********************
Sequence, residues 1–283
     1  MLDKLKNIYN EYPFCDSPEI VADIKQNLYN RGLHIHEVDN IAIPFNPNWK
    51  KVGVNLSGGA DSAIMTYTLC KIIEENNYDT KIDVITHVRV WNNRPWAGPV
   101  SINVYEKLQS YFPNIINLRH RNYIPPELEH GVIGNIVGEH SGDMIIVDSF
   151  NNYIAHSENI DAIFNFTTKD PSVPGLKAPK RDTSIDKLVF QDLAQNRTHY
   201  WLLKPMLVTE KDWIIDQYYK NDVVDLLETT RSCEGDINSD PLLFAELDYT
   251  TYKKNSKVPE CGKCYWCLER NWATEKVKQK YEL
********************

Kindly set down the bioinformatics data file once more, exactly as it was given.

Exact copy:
Sequence, residues 1–283
     1  MLDKLKNIYN EYPFCDSPEI VADIKQNLYN RGLHIHEVDN IAIPFNPNWK
    51  KVGVNLSGGA DSAIMTYTLC KIIEENNYDT KIDVITHVRV WNNRPWAGPV
   101  SINVYEKLQS YFPNIINLRH RNYIPPELEH GVIGNIVGEH SGDMIIVDSF
   151  NNYIAHSENI DAIFNFTTKD PSVPGLKAPK RDTSIDKLVF QDLAQNRTHY
   201  WLLKPMLVTE KDWIIDQYYK NDVVDLLETT RSCEGDINSD PLLFAELDYT
   251  TYKKNSKVPE CGKCYWCLER NWATEKVKQK YEL